Park Geun-hye’s delegation arrives in Washington

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Park Geun-hye’s delegation arrives in Washington

WASHINGTON - A high-level delegation sent by South Korean President-elect Park Geun-hye arrived in Washington Wednesday amid lingering questions about its specific mission and mandate.

“(We) came here to deliver President-elect Park’s intention to ensure the further development of bilateral ties on the military, political, diplomatic and economic fronts,” Rep. Lee Hahn-koo, head of the delegation, told reporters upon arrival.

Lee, the floor leader of the ruling Saenuri Party, is leading the group, which includes other lawmakers and senior government officials, on a three-day trip.

On the agenda are North Korea’s apparent move to test a nuclear bomb and Park’s plan to visit Washington as early as April, according to diplomatic sources. But the group’s exact schedule remains uncertain.

While the delegation is seeking to meet with Vice President Joe Biden and Secretary of State John Kerry, the U.S. side has not given a clear answer yet.

“The details of the delegation’s schedule are still being confirmed,” a State Department official said.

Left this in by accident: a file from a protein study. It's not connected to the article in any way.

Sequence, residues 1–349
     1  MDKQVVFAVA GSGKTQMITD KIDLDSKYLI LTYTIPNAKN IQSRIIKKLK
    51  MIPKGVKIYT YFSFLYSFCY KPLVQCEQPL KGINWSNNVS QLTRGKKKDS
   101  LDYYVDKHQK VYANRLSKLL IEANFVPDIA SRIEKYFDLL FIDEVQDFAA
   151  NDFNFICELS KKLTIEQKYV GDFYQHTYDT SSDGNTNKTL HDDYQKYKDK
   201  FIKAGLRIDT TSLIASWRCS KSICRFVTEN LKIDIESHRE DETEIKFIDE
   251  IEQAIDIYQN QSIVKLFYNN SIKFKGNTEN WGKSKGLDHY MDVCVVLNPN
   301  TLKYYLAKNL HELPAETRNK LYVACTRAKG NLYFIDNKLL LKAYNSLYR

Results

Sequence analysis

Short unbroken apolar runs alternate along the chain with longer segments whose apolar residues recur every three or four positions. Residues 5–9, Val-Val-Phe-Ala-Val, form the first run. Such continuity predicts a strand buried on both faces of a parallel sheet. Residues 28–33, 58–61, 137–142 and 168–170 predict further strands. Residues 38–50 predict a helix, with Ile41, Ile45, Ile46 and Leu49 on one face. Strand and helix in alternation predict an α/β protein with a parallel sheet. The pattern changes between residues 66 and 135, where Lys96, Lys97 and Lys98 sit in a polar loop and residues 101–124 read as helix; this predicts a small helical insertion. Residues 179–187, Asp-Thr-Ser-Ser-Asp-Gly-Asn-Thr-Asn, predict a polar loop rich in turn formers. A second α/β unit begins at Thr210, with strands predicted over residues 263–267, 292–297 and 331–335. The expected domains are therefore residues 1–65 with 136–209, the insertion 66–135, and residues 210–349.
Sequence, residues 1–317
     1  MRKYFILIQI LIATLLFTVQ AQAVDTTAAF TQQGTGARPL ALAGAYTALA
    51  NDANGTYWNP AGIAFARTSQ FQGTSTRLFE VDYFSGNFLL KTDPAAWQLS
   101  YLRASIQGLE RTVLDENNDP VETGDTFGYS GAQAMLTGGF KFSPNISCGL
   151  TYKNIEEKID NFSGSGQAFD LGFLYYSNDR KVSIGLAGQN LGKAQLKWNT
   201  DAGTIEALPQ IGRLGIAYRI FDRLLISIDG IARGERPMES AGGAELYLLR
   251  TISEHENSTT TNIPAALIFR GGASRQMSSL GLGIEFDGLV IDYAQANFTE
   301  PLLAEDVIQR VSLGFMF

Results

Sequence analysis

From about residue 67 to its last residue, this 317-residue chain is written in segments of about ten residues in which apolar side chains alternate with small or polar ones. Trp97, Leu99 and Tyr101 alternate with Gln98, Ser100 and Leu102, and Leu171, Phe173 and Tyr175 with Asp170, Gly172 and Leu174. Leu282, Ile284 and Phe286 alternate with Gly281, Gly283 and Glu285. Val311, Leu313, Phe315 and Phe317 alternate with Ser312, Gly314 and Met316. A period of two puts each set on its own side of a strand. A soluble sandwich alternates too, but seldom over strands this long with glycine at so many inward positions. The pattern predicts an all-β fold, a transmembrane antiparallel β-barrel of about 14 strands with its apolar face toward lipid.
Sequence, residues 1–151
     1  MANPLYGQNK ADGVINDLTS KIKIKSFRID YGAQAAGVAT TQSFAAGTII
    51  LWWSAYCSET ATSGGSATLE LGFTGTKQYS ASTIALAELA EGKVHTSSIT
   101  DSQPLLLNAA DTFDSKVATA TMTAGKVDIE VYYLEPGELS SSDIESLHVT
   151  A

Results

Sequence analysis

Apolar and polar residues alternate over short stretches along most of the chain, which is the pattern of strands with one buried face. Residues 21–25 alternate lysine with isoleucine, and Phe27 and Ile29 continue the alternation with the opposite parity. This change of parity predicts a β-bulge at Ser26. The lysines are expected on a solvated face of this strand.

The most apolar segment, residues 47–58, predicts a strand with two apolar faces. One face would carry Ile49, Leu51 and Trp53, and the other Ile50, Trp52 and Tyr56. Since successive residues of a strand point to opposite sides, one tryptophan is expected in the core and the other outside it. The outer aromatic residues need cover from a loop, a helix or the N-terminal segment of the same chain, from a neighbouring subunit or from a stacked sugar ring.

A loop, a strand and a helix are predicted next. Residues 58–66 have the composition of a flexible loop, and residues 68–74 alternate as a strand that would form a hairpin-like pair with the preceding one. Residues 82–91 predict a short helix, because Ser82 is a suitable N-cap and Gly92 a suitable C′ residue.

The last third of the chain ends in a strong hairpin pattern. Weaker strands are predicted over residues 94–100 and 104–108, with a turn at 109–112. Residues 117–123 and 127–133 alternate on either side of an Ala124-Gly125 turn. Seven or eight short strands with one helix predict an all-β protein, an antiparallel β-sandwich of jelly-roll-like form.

A source said the delegation has not requested a courtesy call on President Barack Obama.

The delegates are scheduled to have separate meetings with Deputy Secretary of Defense Ashton Carter, Sen. Robert Menendez, chairman of the Senate Foreign Relations Committee, and Jim Yong Kim, president of the World Bank.

“The rest of the schedule is in the making,” the source said. “The second term of the Obama administration has just begun. Secretary of State Kerry was sworn in last week. It is true that there are difficulties in arranging the delegation’s meetings with senior U.S. officials.”

The delegation is expected to be able to meet Kerry, added the source.

Park’s aides at the transition team characterized the group as intended to have unspecified “policy consultations,” rather than serving as “special envoys” of the incoming South Korean leader.

In late January, Park dispatched Kim Moo-sung, one of her long-time aides, as a special envoy to Beijing. Kim met with China’s president-in-waiting, Xi Jinping.

The team’s trip is basically to reciprocate a visit by an inter-agency U.S. delegation led by Kurt Campbell, assistant secretary of state for East Asian and Pacific affairs, to Seoul last month, South Korean diplomats here said.

Five years ago, then-South Korean President-elect Lee Myung-bak sent Rep. Chung Mong-joon to Washington as his envoy. At that time, President George W. Bush dropped in as Chung was meeting with National Security Adviser Stephen Hadley.

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